Conjoined Twins Sharing Heart, Liver In Augusta — Still In Critical Condition, But Beating The Odds

The conjoined twins recently born in Augusta, Georgia — sharing a heart and a liver — continue to defy the odds, despite being in critical condition, according to the latest reports.

According to the most recent updates from the Augusta Chronicle, mother Brittany Crafton is doing well and spending her time at the hospital with her conjoined twins. The babies remain at the Children’s Hospital of Georgia (adjoined to Georgia Regent University Medical Center, where the children were born), where they are being cared for in the Neonatal Intensive Care Unit.

null

Although Crafton’s situation with the boys — named Chance Aiden Crafton and Chandler Kaiden Crafton — is extremely unique, the 26-year-old mother is taking the whole surreal experience in stride. Savannah-based WTOC TV talked with the twins’ grandmother, who said Brittany “feels just like any other woman embracing motherhood.” The new grandma continued as follows.

“She’s spending a lot of time with her babies and really enjoying that process of motherhood. Being able to hold them, and kiss them, and pray for them has been great. She’s been amazing.”

According to the University of Maryland Medical Center, about one in every 200,000 births result in conjoined twins — that’s.0005 percent. And when those rarities happen, the results usually aren’t positive.

null

According to the same UMMC study, about 40-60 percent of conjoined twins arrive stillborn, while another 35 percent of twins sharing a heart or other organs live for a day or less. With a survival rate in the 5-25 percent range, the Crafton twins (born via C-section on Monday) have already beaten the odds. The report goes on to say that conjoined twin girls are more likely to survive that male conjoined twins. In fact, if they had been female, the likeliness of survival increases 300 percent.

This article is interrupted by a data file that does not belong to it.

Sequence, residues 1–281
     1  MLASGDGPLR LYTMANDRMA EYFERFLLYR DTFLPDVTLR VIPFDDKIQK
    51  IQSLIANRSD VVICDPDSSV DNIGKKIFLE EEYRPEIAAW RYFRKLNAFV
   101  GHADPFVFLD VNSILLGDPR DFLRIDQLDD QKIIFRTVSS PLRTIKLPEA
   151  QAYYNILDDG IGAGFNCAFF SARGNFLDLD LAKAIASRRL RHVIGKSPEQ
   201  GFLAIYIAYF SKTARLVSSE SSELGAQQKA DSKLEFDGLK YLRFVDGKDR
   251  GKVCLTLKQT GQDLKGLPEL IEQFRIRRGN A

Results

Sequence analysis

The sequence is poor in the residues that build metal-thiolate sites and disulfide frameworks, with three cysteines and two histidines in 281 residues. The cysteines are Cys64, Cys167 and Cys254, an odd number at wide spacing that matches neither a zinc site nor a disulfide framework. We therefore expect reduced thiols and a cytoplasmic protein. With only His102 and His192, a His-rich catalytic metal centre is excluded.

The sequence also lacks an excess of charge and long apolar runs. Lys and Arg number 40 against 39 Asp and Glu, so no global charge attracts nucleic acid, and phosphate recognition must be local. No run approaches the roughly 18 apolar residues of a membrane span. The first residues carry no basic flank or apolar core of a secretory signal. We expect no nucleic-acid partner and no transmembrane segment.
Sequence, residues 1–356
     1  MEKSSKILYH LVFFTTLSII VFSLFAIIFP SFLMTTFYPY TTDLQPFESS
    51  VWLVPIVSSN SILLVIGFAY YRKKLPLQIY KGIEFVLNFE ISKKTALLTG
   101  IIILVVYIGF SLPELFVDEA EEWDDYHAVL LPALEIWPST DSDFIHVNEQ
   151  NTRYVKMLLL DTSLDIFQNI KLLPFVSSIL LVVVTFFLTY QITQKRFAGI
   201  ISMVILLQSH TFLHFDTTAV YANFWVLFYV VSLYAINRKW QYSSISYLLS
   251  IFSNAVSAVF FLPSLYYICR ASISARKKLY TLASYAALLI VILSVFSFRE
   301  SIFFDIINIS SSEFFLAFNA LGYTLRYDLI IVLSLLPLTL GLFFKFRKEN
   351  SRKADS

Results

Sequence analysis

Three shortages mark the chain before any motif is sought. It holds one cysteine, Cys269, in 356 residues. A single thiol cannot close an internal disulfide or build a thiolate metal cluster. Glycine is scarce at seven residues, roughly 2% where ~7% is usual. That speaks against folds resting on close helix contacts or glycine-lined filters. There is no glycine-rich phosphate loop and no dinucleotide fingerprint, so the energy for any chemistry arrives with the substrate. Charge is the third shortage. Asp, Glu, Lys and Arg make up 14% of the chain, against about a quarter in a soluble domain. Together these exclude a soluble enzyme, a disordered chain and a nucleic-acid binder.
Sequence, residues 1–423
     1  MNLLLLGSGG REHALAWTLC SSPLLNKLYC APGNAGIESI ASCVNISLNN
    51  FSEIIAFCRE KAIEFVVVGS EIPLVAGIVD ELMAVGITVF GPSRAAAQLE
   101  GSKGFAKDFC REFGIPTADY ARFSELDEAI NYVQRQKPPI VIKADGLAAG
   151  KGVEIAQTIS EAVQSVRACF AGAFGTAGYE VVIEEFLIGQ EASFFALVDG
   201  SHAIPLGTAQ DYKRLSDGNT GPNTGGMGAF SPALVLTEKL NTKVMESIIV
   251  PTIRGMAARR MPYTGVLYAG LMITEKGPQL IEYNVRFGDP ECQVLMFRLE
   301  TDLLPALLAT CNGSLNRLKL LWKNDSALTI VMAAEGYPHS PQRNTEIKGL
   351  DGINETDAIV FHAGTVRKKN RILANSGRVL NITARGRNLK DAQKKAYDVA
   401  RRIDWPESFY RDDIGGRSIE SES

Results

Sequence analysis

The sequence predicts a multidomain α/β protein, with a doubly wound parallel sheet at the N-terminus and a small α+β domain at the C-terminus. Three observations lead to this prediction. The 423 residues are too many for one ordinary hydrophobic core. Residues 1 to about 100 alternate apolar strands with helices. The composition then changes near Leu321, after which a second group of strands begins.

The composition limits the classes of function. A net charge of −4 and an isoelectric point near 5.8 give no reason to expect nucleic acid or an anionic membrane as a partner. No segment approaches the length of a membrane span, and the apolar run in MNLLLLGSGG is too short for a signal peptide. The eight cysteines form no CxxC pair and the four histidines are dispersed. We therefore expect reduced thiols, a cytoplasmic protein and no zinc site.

null

According to the Canada Journal, what may be helping the twins win this battle is the strength of their shared heart. Dr. Paul Browne of Maternal-Fetal Medicine at Georgia Regents explained what makes these conjoined twins unique, even among other conjoined twins.

“What makes this case special is that the heart the twins share is quite normal and has been functioning very well for them. We believe it will continue to function well after the delivery.”

The doctor emphasized that the survival of the twins is almost completely dependent upon how well the heart continues to function. Chance and Chandler were the first conjoined twins to be delivered at the Georgia Regents center in Augusta.

null

For the mother, the struggle has reassured Brittany of her faith, and has opened her eyes and heart to others going through similar situations.

“I know God’s got me, and He’ll continue to be with me even after the twins are born. This experience has helped me to look at ‘different’ people differently, and I have gained a real compassion for what they go through.”

As you might expect, this has put a serious financial burden on Brittany and her family. If you would like to help the Crafton family of Augusta deal with the financial hardship of giving birth to conjoined twins, consider donating to their Go Fund Me campaign called “2 Smiles 1 Heart.” So far, over $5,000 has been raised from nearly 150 donors.

[Image via Twitter]